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Late Mullingar show puts end to Fermanagh’s winning run

Fermanagh manager Rory Gallagher

 
It would have been a complacent punter indeed who chalked up Fermanagh’s trip to Westmeath as a routine win.
Yet, that was how the fixture was being sold in some quarters. And, for much of the game the visitors lived up to that billing, dominating possession and scoring with relative fluency. 
However the loss of Eoin Donnelly to injury at half-time proved a major set back and as the scoring threat faded out over the course of the second half the scene was set for a late Westmeath smash and grab. 
Four late points in quick succession wrested the points from Fermanagh’s grasp with the finishing line in touching distance.
After the game Erne boss Rory Gallagher wasn’t impressed with how his side performed in the second half.
“We were caught at the death,” said Gallagher. “There was a bit of a deceptive breeze there and we were under pressure in the second half. They won the toss and they chose to play against it, so they knew on their own pitch that it would be a bit of an advantage.
“We got the goal at the right time, but we didn’t defend well and personally I didn’t think we deserved to win the game, we didn’t bring enough to the table in the second half. There was a lack of energy and creativity and that’s very disappointing. Once Eoin went off we lost our competitiveness around the middle of the field.”
Indeed the loss of Eoin Donnelly at half-time was to prove the crucial. Over the course of the second half Westmeath began to get more joy in the middle third, to the point in the closing stage when the hosts basically had Fermanagh penned in the final third.
“Eoin got a couple of bad bangs and he had to go off to hospital to get an x-ray. It was a massive loss,” said Gallagher. “He was playing well, he was controlling the middle of the field and unfortunately when he went in the second half we suffered badly.”
His loss came after an encouraging first 35 minutes for Fermanagh, although, Gallagher, pictured below, would have liked to have had more scores to show for his sides dominance.
“We were defending quite well. It was a breeze that we felt we could kick from a wee bit further out, but seven points was very average with the amount of possession we had. I felt we should have been at nine or ten points and [Aidan] Breeno had a sniff of a goal chance as well.”
Despite gradually surrendering the impetus to Westmeath, Fermanagh did get the game’s only goal. It came with 12 minutes left to play and looked like it would be the score to send Gallagher’s men on their way to the two points.
“That should have been enough. It was a well worked goal, almost against the run of play. But we were very naive then, we were caught with the first kick out and all of a sudden it’s back to three. I didn’t think we managed the game very well. We were very naive our basic skills were poor, our support play and the amount of ball we gave away.”
Fermanagh failed to build on that goal though and Gallagher was frustrated he didn’t get the bang for his buck he had hoped to get from his attacking substitutions.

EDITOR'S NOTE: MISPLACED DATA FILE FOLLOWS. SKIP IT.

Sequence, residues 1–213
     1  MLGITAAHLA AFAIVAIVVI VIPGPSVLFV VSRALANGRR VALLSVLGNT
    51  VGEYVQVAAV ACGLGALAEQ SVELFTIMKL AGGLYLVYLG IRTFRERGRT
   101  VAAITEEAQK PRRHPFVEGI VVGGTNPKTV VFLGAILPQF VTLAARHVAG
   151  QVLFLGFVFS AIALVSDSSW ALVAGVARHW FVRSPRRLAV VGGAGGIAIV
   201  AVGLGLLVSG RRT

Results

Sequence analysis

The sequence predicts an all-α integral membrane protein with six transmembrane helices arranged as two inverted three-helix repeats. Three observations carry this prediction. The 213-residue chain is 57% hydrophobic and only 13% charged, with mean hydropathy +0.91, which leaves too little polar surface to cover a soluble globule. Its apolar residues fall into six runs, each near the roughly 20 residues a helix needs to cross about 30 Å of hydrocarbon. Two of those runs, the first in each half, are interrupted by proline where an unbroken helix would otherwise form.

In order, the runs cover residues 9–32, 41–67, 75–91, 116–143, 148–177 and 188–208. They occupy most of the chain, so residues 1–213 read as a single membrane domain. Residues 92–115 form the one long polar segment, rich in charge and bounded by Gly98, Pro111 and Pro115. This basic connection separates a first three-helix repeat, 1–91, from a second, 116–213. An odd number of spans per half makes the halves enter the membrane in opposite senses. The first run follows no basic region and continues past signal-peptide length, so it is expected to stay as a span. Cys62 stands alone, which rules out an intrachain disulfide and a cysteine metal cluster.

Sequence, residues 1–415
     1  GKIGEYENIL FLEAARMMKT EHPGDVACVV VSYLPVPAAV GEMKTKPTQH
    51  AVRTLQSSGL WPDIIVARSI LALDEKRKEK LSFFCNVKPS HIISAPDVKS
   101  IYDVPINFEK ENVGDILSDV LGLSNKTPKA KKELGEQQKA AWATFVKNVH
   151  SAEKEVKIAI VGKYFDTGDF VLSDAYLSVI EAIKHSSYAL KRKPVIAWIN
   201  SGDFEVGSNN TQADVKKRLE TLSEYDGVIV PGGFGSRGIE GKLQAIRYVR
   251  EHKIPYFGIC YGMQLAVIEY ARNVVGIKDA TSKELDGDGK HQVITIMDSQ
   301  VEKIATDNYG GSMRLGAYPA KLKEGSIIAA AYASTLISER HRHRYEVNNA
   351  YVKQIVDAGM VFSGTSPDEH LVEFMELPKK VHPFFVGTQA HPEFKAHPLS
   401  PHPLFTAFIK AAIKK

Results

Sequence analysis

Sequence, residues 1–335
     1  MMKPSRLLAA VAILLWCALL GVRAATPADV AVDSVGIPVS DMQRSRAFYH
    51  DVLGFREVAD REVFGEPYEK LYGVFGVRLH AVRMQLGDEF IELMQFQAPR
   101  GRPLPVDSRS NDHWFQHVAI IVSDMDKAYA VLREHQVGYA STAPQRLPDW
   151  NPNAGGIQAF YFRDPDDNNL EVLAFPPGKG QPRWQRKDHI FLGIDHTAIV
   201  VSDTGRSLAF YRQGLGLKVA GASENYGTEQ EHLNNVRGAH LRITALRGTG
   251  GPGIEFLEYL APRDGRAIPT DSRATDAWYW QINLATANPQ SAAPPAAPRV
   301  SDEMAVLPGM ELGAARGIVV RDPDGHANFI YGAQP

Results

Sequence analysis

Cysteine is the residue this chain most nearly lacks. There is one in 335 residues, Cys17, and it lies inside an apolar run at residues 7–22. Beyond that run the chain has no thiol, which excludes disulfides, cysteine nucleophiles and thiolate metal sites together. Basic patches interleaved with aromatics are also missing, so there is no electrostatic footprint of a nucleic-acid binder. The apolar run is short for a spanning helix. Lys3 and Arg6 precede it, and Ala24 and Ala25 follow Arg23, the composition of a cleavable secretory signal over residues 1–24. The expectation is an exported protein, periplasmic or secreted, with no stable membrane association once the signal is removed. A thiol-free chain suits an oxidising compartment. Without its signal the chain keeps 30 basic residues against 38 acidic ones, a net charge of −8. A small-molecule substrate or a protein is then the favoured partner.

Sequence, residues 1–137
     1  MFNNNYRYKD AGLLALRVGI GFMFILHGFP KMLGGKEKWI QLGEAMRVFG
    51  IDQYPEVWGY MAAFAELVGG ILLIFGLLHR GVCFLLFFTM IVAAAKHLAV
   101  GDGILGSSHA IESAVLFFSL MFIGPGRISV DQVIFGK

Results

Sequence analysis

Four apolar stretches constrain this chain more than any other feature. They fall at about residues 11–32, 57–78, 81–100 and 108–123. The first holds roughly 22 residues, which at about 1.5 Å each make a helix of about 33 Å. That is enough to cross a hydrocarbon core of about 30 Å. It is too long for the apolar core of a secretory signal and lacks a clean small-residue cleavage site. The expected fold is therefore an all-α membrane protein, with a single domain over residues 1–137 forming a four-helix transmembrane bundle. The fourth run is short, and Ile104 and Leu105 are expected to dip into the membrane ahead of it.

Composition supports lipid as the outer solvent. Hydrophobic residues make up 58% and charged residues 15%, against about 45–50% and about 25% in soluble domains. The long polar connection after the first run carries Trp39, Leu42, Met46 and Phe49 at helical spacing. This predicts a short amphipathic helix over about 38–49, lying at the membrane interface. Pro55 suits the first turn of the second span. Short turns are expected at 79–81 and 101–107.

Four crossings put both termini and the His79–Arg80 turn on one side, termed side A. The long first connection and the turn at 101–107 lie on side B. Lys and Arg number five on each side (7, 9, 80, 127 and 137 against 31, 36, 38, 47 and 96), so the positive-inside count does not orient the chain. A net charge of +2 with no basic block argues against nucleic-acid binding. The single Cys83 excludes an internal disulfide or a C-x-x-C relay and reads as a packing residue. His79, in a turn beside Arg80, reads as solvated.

“We brought on players we felt were good enough to make an impact on the score board and we didn’t get it. We took the wrong options, maybe some people took their own individual option and overall we didn’t get the impact off the bench that we would have liked. Overall in the second half we were always playing second fiddle to Westmeath.
Directly after Maguire’s goal Fermanagh were reduced to 14 men when Cian McManus did what needed to be done as he halted Ger Egan’s charge on goal. Gallagher agreed the numerical disadvantage helped tip the balance in favour of Colin Kelly’s men in the closing stages.
“There was no doubt it was a second yellow offence. It was a massive turning point in the game. It allowed them to really squeeze us. It allowed them to take the fight us further up the field and we struggled to break out of defence.”
In those frantic closing moments, it was Fermanagh’s own mistakes which did the fatal damage.
“It was another goal-keeping error,” said Gallagher. “We kicked the ball straight to them. We got the wee break, Heslin’s long free dropped short, there’s no way in the world you should be handing the ball straight to them and you lose the game because of it.”
Now Fermanagh look ahead to next Sunday’s game against Armagh and a win has now become a matter of first importance if the push for promotion is to be sustained.
“No matter what way things worked out it was always going to be a big game, and it is now,” said Gallagher. “Our destiny is still in our own hands, but it’s going to take a better performance than that second half.
“We’ve got to look after business next week. We’ve got to look at ourselves and understand that we weren’t good enough today, we didn’t deserve to win it. We got off lightly. Heslin missed a few frees he wouldn’t have normally. He’s a good player and he’s going to kick a few points, but we made sure there was plenty of supply to him. We didn’t handle that situation well.”
 
 
 

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The Fermanagh Herald is published by North West of Ireland Printing & Publishing Company Limited, trading as North-West News Group.
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